III. A Different Kind of Relevance for God
I do not doubt that a misguided hope for cosmic, everlasting significance explains why at least some people are pessimistic about the meaning of life without God, whether or not they state such a hope explicitly. For those who think that something like this must be true about meaningful human lives, I think that Wolf's diagnosis (and advice) is exactly right.
However, there is a different role that God can play in being able to secure for us the possibility of naturalistic meaning. Rather than guaranteeing that our earthly projects or activities are really valuable, that they must be somehow at the center of the universe's attention, or that we will make a permanent, everlasting mark on the universe, the existence of God may underwrite the possibility of our subjective fulfillment with activities, projects, or objects of worth.
This may be surprising: subjective engagement has been assumed to be the aspect of the Fitting Fulfillment view less susceptible to skepticism, as it seems to raise no metaphysical concerns. Indeed, metaphysical concerns about objective goodness seem to be one reason why one might be attracted to views of the meaning of life that depend solely on a subjective condition, even if such views leave us with the bad result that a Sisyphean life fulfilled, or a life within Nozick's "experience machine," would be a meaningful one.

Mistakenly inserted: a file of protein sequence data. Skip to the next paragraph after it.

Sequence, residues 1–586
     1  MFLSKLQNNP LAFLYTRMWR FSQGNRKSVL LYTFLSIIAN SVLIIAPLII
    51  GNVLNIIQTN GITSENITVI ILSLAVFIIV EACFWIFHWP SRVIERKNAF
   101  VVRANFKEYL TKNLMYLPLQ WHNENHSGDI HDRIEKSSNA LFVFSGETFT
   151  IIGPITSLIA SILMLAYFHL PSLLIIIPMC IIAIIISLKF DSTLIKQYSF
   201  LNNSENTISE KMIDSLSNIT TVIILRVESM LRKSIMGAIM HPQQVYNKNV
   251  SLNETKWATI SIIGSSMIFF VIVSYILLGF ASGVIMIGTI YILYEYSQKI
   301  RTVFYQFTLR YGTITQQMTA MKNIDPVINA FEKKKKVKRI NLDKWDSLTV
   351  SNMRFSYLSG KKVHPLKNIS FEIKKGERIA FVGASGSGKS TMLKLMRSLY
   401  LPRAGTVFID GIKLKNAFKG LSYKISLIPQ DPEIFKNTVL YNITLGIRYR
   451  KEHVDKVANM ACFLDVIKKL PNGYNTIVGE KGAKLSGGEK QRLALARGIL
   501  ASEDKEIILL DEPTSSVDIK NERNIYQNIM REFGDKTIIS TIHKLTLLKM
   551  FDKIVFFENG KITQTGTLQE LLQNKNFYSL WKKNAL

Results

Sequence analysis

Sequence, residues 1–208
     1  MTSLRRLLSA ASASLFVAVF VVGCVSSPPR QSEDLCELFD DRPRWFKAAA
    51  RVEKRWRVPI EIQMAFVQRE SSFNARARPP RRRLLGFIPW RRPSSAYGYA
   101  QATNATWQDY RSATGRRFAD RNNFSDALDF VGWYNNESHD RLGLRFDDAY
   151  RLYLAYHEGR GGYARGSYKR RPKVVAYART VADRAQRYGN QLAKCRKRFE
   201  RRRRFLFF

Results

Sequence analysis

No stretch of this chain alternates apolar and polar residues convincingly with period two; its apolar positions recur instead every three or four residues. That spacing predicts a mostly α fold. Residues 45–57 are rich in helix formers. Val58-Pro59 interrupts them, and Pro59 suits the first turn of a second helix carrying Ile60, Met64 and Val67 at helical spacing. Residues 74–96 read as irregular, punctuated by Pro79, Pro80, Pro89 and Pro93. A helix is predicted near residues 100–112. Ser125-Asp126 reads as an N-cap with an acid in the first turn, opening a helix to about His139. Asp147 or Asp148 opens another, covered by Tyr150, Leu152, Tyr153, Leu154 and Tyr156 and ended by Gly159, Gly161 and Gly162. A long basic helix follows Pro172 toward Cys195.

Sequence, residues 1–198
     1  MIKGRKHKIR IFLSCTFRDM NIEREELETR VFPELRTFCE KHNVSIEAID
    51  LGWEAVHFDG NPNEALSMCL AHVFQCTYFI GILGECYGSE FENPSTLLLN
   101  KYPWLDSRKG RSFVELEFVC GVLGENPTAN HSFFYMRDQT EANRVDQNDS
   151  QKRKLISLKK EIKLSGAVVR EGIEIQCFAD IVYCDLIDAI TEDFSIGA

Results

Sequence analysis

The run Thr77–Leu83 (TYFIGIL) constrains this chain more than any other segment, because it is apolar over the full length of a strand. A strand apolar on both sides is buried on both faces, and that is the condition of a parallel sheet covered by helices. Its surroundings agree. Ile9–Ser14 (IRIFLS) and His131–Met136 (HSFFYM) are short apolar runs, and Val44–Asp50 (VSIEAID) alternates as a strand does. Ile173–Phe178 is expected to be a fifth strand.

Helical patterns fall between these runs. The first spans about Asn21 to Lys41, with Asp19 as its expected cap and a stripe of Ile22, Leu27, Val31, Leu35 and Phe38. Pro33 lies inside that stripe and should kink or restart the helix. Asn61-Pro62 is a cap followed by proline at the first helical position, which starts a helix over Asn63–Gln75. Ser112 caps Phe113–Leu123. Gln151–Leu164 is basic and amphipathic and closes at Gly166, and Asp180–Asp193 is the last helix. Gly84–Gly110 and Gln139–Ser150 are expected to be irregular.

Nonetheless, once we take into consideration the moral psychological assumptions underlying what "fulfillment" consists in, we begin to see the threat that the existence of horrendous evils can pose to its satisfaction. [End Page 331] What horrendous evils have in common, Adams contends, is that their existence in a person's life "defeats" the goodness that such a life might otherwise contain: if a woman accidentally kills her own child by forgetting him in a car on a hot summer day, then it is true that her child can no longer be a source of goodness and meaning within her life. But worse than this, the other goods in her life may be "defeated," given what has happened. That she has a successful and fulfilling career may not be something that she can now feel fulfilled by. But again, although the existence of God leads to a theological problem of evil, Adams's proposal is that he may be the only way out of it: only he could offer the "personalized response" that this woman may need to believe that her life is nonetheless meaningful.
There are two objections we might have to Adams's conclusion. First, we could object to the claim that this gives the non-Christian a pragmatic/ moral/religious reason to favor the Christian value scheme—perhaps there are other resources available to the secular. And second, one might be skeptical about this as an adequate defense of God's allowing such evils to exist in the first place. But before remarking on the significance of the success of Adams's theodicy, I want to first explore this category of evil and spell out her observations about them in other terms. Consider just the claims that
1. it would not be unreasonable for a person to conclude that having suffered from such an evil (such as accidentally killing her own child), she no longer considers her life worth living (we can imagine her now suffering from a kind of despair) even if it does contain other goods; and
2. there could be no general, rational demand on her to accept some earthly compensation, or consolation, that would successfully reconcile her to her life.